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can be increased in the year. But the corollary is that if someone's income increases, similarly an adjustment will need to arise from that. However, there is a safety netthat if income increases by less than £2,500 in the course of the year, no adjustment is made.
As for the 1.9 million awards which were overpaid, two-thirds of them arise from the fact that family incomes rose by more than £2,500 during the course of the year, underlining the success of the economy. Nearly £1 billion of the overpayment resulted from increases in family incomes of £10,000 or more.
Lord Addington: My Lords, if the Government accept that the tax credit is designed to help those on low incomes, do they have some special scheme or mechanism to help those on comparatively low incomes to repay sums of approximately £1,000? What are they doing to help in that regard? Surely those people are being hurt by a system that is supposed to help them.
Lord McKenzie of Luton: My Lords, the sum of approximately £1,000 is misleading. The median figure is nearer £570, and lots are lower than that. The HMRC has a code of practice that deals with how overpayments are collected; it depends whether the overpayment is identified at the end of the year or during its course. There is a percentage of the current year's award which limits the amount that can be collected in relation to a current payment of credit.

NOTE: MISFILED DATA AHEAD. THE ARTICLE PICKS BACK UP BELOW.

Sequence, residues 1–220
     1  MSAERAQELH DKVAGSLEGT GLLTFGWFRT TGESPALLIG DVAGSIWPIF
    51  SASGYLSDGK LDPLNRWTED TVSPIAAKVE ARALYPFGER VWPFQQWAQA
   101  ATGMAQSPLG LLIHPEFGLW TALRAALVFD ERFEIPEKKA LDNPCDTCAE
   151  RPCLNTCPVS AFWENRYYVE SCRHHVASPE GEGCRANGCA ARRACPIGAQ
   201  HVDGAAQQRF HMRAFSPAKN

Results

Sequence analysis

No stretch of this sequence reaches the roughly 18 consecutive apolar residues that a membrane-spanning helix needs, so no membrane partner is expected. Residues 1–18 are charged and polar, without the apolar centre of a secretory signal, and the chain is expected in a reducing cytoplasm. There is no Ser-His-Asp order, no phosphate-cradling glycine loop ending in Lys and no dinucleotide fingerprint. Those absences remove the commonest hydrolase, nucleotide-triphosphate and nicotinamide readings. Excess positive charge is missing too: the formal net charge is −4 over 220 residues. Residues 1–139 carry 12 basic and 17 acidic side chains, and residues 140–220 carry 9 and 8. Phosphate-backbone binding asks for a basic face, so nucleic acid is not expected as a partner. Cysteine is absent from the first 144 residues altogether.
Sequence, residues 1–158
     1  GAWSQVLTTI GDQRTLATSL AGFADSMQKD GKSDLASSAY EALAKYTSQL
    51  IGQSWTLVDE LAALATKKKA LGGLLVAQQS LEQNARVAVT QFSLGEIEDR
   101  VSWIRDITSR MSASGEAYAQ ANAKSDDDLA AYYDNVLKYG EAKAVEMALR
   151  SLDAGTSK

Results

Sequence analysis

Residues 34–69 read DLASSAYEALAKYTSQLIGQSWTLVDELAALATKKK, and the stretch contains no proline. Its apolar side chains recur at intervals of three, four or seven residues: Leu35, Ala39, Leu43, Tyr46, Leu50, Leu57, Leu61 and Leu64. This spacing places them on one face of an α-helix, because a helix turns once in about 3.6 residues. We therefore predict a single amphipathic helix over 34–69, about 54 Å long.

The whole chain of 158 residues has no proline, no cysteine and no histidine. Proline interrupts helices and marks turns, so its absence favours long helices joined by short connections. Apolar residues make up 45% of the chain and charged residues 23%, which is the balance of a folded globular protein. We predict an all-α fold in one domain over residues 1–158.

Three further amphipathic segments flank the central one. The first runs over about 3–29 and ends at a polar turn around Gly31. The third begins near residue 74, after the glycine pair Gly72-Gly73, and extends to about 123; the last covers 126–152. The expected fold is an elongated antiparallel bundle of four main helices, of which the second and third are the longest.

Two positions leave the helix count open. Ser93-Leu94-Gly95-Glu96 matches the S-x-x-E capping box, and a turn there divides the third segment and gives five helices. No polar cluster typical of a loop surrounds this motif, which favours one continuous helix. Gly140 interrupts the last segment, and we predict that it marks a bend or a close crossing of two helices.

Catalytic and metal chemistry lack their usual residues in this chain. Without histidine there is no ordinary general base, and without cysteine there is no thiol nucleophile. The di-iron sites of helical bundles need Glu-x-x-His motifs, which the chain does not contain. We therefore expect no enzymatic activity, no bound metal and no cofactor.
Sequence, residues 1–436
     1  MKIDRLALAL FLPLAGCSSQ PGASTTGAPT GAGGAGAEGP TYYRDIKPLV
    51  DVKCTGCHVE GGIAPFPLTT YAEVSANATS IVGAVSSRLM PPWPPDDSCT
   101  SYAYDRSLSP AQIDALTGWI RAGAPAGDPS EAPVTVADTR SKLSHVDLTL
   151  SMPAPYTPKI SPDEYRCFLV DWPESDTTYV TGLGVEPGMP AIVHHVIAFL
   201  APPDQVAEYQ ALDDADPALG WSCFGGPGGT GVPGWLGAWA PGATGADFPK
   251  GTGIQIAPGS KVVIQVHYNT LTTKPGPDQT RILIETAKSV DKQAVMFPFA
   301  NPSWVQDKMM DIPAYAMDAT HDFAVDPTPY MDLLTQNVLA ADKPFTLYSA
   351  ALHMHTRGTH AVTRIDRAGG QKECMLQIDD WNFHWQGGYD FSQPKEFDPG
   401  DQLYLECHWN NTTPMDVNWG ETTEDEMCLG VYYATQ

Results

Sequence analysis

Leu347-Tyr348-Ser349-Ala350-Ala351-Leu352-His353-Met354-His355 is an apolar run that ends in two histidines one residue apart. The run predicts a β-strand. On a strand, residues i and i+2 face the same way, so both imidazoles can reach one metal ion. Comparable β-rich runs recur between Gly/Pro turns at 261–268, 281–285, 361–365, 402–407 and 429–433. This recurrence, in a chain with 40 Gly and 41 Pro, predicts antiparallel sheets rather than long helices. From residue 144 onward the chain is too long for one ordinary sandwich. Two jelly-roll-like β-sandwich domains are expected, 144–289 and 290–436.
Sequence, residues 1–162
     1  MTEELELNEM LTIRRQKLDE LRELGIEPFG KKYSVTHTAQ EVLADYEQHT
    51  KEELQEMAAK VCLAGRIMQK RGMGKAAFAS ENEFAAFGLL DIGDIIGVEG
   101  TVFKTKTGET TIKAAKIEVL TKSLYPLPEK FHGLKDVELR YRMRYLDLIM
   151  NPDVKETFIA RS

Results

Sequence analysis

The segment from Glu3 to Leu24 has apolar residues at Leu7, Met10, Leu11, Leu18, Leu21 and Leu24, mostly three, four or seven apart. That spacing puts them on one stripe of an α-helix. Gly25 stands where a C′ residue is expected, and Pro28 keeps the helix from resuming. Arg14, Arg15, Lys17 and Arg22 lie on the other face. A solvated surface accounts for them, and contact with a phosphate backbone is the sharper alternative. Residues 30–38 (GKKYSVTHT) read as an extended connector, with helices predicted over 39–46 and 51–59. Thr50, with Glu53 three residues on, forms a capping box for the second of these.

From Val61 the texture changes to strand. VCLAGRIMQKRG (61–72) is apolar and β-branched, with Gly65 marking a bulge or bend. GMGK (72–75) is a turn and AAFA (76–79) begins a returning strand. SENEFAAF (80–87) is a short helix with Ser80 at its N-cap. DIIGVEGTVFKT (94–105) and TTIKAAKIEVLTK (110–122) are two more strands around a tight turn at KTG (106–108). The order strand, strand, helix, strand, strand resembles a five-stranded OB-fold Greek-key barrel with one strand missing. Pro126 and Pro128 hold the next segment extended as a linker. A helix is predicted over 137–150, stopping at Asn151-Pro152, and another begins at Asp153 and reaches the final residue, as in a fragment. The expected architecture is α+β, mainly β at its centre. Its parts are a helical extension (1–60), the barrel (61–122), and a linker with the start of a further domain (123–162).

As my right honourable friend the Paymaster General set out in her press release on 26 May, one thing that we are doing as part of her six-point plan is to ensure that we work better with the voluntary sector in providing advice for families who receive tax credits, to see how that can help. There is a helpline, and the facilities to support it have been improved. The Government are mindful that when hardship is involved there is a process by which people can contact HMRC, and these issues will be looked at sympathetically.
Lord McKenzie of Luton: My Lords, I do not have that data to hand, but I imagine that it is quite a few, because the system benefits some 20 million people in our country, including 10 million children. It is helping to get people back into work, to combat child poverty and to support families. I should have thought that that was something that we would want civil servants to be engaged in.
Lord Brooke of Sutton Mandeville: My Lords, if the advice given by an HMRC official about tax credits differs from that given on the relevant part of the HMRC website, which should the taxpayer believe?
Lord McKenzie of Luton: My Lords, I think that the taxpayer should believe the regulations and Act which introduced the legislation. How that is represented
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differently in different places, I am not sure, but if the noble Lord could give me a concrete example of that I shall have it looked into and write to him.
Moved, That a Select Committee be appointed to report whether the provisions of any Bill inappropriately delegate legislative power, or whether they subject the exercise of legislative power to an inappropriate degree of parliamentary scrutiny; to report on documents and draft orders laid before Parliament under the Regulatory Reform Act 2001; and to perform, in respect of such documents and orders and subordinate provisions orders laid under that Act, the functions performed in respect of other instruments by the Joint Committee on Statutory Instruments;
Moved, That a Select Committee be appointed to advise the House on the resources required for Select Committee work and to allocate resources between Select Committees; to review the Select Committee work of the House; to consider requests for ad hoc committees and report to the House with recommendations; to ensure effective co-ordination between the two Houses; and to consider the availability of Lords to serve on committees;